8 Ways To Keep The Peace in Your Workplace

LOOK UP CONFLICT IN THE dictionary and you will read ‘a serious disagreement or argument, typically a protracted one, to fight or contend; do battle, or struggle, especially a prolonged struggle; strife.’ Any wonder why many of us avoid it like the plague. Why would we actively step into situations where pain will be felt and feelings will be hurt? Tanja M Jones looks at the ways that we can create a more harmonious and productive workplace.

WE AVOID conflict because of our core desire to be liked, the pursuit of acceptance and the longing for stability in our lives.

It is often caused by our unconscious addiction to ‘being right’, by having a ‘my way or the highway’ attitude and the inability to see a situation from another person’s perspective.

Unresolved conflict has been linked to miscommunication resulting from confusion or a refusal to cooperate and it affects our level of creative collaboration, team problem-solving abilities and overall trust.

The individual and collective impacts of avoiding conflict are significant and should definitely not be ignored. They include:

  • Compromised and strained communication which fosters negativity and erodes connection
  • Reduced productivity, lack of clarity and poor decision-making ability
  • Increased levels of stress and elevated risks of work cover claims
  • Compromised customer experience which weakens brand value
  • Reduced sales revenue and market share
  • Increased cost of business due to fractured teams and inefficiencies
  • Toxic air – a palpable negative energy in working environments

Here are eight ways leaders can avoid these impacts and turn conflict into clarity with ease:

    How we choose to view something determines how we interact with it. Create an empowering context for conflict by defining it as ‘an opportunity for clarity’ rather than a painful win /lose situation. This is more positive and simply feels better. If truly believed, it will inspire you and your teams to get to the heart of what is going on and find a resolution for the greater good of all.
    When conflict arises check your response. Does it stir an aggressive response in you, a passive /victim response, or can you view conflict objectively in order to help others overcome their defensiveness? If you do not have control over your own reaction, you will be less able to help others.
    Keep an open mind and ‘get over there’ with them. This will give you a much deeper appreciation for where they are coming from. You might also learn something new about your business, identify skill gaps or even areas for improvement within organisational processes and procedures.
    When you are seeking to understand the perspectives of others, practise the Gift of Listening (which was featured in the July / August edition of Elite Agent Magazine). Be deeply present with others and when they finish speaking, simply respond with ’I hear you’. People don’t need fixing; they simply need to be heard. When people are truly heard they can then begin to step into finding solutions to the conflicts they are experiencing. Great leaders can hold a space for the answers to arise within others. This practice empowers your team and deepens the levels of individual ownership as a result.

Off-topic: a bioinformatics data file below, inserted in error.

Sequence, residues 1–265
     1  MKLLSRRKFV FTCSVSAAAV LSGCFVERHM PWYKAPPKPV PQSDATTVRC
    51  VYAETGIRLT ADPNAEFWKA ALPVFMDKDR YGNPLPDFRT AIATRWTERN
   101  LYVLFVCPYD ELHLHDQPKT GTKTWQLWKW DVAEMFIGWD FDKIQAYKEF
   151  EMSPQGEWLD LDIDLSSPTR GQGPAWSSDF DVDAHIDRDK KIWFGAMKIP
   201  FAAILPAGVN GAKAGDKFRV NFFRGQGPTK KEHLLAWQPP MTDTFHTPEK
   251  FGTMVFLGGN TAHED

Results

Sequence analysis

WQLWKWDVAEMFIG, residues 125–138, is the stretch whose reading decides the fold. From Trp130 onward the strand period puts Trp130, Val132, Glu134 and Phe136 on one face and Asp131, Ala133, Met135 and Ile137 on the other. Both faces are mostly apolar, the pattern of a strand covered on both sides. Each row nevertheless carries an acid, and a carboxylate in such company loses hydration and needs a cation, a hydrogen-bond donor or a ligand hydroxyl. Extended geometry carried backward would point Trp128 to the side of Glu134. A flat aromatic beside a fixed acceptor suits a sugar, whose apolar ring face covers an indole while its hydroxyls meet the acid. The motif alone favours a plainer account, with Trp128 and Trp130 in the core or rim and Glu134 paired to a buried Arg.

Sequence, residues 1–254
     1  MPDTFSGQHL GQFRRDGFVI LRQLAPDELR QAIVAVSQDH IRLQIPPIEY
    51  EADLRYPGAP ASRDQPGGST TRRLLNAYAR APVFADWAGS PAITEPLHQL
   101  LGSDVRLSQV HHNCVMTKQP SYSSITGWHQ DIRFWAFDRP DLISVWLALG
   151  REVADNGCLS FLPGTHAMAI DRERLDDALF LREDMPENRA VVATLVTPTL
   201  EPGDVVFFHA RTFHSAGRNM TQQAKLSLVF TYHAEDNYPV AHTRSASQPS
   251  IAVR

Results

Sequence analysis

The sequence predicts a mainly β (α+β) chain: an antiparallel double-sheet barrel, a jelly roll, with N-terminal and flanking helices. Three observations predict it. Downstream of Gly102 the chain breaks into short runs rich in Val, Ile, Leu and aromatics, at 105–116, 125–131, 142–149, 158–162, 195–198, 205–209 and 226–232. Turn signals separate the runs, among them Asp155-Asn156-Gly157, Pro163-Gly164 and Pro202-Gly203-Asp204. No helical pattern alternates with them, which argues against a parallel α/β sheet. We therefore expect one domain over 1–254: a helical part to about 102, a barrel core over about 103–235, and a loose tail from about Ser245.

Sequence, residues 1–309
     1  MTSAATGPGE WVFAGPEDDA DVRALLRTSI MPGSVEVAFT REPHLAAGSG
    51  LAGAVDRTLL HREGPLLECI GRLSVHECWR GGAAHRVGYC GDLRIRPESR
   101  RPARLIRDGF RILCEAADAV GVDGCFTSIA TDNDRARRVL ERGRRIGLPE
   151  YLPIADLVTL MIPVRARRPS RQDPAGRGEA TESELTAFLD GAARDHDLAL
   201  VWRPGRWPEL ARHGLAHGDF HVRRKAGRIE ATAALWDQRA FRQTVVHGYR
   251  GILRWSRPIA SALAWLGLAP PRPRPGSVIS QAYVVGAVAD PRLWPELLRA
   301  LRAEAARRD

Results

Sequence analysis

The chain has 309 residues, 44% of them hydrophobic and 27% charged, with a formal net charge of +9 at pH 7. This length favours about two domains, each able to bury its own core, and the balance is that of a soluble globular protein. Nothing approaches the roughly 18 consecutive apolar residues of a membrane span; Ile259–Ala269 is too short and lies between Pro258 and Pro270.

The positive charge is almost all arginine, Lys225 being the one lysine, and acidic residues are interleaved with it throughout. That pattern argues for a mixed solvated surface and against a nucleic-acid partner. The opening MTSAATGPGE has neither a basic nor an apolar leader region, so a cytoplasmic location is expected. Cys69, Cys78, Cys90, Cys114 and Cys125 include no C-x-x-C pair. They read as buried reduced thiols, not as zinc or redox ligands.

The biggest cause for upset is when we take things personally and as humans we do it all the time. You must consistently deconstruct ‘what happened’ from ‘what you make it mean’. Many conflicts are not actually based on reality. They are based on the decisions we made about others, a situation and ourselves. Always separate the facts from the feelings and focus simply on finding solutions together and improving practices.
    Minimise reactive conflict resolution by articulating ‘how it’s done here’ upfront as part of your induction process. Gain agreement and alignment from your people from the beginning and create a culture where your core values will be followed and swiftly addressed if broken. Most importantly, as the leader, make sure you are a living, breathing embodiment of your values; otherwise you will swiftly lose any respect you may have earned from within your team.
    Develop a working environment where it is safe to make mistakes; in fact, encourage it as this means you and your teams are ‘in the arena, giving life a good go’. If you are not making mistakes you are not learning; if you are not learning you are not growing. Share your learning in your weekly sales meetings for the betterment of everyone. Imagine adding ‘the best mistakes last week’ to your weekly agenda and having everyone feel celebrated as they share and learn from them. Learning from your mistakes helps drop egos and cultivates a light-hearted, safe space to evolve together. Equally, acknowledge where your team members are positively demonstrating the values of your business. Don’t just celebrate the sales results.
    There are two types of conversations; we can either talk ‘about things and people’ or ‘for things and people.’ One erodes connection and the other builds connection. Great leaders know how to build connection and they do not engage in or allow low-level conversations that are personal, belittling or degrading to occur. Whether it is about team members, clients, stakeholders or industry professionals it should not exist, not even in a tongue-in-cheek kind of fashion. It’s good to have a laugh and it’s great to share a joke, but never at the expense of others.

Conflict avoidance can buy time; however the human and financial cost of conflict avoidance in the workplace can be significant and can end up costing you more money in the long run.

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Tanja M Jones

Tanja M Jones is a Leadership, Mindset and Peak Performance Specialist. For more information visit tmjcoaching.com.au..